Utah makes hunting and fishing a Constitutional right

Hunting and fishing are now protected Constitutional rights in Utah.

During Election Day, voters approved Amendment E to the state constitution. The amendment declares hunting and fishing are the preferred means of managing and controlling wildlife in Utah. According to Fox News, the amendment passed with 74 percent of the vote.

The amendment was placed on the ballot by Utah State Rep. Casey Snider, a Republican from Paradise, Utah. He told KSL.com the rights of hunters and fishers need to be protected.

“The ability to procure for your family food or fiber through hunting and fishing is an essential part of us,” he told the news station. “And making sure that if those activities are limited or curtailed, there is a higher threshold.”

Snider said in time those participating in hunting and fishing might become a smaller minority than they already are and may need extra protections in the future. He said it could be a possibility that hunting and fishing could be “eliminated from the public sphere and from conservation generally and at large.”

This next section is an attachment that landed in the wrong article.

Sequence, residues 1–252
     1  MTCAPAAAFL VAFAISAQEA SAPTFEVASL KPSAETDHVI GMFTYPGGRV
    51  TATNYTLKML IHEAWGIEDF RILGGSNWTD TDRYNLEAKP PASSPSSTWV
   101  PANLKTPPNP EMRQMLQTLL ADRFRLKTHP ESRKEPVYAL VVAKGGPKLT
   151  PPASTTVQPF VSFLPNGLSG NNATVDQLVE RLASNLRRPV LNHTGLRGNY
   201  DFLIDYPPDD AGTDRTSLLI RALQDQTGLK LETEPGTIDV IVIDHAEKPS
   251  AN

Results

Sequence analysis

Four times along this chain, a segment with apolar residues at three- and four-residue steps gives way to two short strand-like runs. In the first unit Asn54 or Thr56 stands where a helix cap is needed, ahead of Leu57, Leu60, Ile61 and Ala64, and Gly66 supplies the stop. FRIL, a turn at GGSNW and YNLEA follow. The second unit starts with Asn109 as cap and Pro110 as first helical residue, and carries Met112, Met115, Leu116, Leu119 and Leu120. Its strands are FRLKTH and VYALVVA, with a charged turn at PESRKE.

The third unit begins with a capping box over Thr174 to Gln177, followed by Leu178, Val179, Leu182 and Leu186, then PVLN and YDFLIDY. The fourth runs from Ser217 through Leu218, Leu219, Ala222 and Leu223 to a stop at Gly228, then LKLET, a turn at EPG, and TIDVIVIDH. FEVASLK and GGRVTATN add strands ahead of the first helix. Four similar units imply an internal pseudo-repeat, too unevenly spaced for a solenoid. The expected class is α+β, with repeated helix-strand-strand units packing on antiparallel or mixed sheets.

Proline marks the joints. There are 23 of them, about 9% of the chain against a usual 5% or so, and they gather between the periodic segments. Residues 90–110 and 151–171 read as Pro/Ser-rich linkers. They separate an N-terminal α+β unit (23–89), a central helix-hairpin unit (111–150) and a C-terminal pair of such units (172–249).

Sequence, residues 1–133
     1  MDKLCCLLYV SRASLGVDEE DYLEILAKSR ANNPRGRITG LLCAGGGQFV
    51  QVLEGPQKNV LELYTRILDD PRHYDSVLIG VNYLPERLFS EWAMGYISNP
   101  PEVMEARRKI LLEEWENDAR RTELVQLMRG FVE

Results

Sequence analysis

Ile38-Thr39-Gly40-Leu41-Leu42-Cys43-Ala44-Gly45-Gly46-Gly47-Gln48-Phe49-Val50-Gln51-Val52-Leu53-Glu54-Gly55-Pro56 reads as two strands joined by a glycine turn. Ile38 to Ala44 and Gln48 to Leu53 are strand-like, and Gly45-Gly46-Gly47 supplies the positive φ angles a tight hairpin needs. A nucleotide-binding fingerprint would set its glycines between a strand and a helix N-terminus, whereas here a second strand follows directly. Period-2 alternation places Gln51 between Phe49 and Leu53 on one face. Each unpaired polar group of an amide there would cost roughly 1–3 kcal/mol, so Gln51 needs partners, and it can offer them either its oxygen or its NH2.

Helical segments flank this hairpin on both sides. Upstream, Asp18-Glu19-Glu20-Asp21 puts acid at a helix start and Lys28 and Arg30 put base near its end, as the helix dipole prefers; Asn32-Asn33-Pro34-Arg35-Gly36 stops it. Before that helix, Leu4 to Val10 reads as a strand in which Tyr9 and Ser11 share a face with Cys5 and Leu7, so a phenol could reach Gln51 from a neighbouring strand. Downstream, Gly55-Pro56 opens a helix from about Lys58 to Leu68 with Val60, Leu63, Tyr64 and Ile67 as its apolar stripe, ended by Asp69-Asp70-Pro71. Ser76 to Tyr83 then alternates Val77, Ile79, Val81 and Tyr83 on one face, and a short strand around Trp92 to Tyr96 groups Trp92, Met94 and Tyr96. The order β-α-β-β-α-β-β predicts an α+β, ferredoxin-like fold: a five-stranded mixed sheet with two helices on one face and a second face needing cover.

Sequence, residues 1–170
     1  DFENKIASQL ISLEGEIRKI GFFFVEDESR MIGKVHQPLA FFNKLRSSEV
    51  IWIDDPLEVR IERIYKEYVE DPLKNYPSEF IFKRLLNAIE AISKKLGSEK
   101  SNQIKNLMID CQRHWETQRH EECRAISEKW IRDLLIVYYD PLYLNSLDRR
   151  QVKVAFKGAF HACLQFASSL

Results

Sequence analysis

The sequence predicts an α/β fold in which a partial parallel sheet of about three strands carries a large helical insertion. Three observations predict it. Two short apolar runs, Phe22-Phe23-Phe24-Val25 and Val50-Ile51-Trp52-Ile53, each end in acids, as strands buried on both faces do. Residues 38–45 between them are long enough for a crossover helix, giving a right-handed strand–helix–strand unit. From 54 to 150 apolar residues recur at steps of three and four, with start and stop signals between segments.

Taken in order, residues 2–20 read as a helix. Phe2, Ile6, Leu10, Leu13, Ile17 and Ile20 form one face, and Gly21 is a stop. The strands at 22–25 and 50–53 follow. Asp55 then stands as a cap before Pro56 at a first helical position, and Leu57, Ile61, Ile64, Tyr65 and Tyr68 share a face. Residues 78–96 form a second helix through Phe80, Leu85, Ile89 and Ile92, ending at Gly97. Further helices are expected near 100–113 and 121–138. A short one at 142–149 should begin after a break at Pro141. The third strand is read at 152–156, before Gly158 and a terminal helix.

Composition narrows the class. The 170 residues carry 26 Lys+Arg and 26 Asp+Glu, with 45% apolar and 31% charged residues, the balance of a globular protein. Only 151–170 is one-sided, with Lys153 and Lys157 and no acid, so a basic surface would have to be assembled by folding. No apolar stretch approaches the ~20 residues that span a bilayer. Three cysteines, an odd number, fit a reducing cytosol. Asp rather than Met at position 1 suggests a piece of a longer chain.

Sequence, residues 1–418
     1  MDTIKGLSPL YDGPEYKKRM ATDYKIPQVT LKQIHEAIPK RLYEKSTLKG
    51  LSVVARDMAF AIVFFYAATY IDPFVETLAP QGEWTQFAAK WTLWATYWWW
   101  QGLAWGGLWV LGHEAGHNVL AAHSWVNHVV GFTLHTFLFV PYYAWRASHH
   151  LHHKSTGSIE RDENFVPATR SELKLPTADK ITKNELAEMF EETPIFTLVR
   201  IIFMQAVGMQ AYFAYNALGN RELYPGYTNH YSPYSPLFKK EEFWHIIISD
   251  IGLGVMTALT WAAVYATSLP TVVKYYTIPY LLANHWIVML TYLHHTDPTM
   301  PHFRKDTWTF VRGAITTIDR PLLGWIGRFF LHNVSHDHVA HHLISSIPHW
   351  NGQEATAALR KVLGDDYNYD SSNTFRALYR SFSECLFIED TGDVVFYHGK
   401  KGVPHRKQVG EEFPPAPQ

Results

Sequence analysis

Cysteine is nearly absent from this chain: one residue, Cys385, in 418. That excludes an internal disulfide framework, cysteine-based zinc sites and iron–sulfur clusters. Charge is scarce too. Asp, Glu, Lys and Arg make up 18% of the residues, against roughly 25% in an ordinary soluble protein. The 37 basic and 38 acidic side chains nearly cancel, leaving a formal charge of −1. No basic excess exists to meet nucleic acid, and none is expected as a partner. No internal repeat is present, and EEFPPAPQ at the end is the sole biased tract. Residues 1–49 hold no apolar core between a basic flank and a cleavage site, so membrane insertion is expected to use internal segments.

Utah became the 22nd state to pass an amendment protecting the right to hunt and fish. According to Ballotpedia, only Vermont had a right to hunt and fish in its Constitution between 1776 and the mid-1990s.

In 1996, Alabama voters began the trend of adding the protection to state constitutions. The other states who have such protections, in order of approval, are Minnesota, North Dakota, Virginia, Wisconsin, Louisiana, Montana, Georgia, Oklahoma, Arkansas, South Carolina, Tennessee, Idaho, Kentucky, Nebraska, Wyoming, Mississippi, Texas, Indiana, Kansas, and North Carolina.

California and Rhode Island have amendments guaranteeing the right to fish but not to hunt.

Snider told KSL he believes hunting and fishing are important for conservation efforts.

“As hunting and angling slides out, you lose that ethic that comes with participating in these sports, but also the conservation dollars,” he told the news station. “Hunters and anglers pay for wildlife, and they pay for conservation. And if those opportunities are eliminated, the wildlife themselves are going to suffer in the end.”

The amendment does not make the rights to hunt guaranteed. It states that state laws and policies would still prohibit a convicted poacher from getting a hunting license.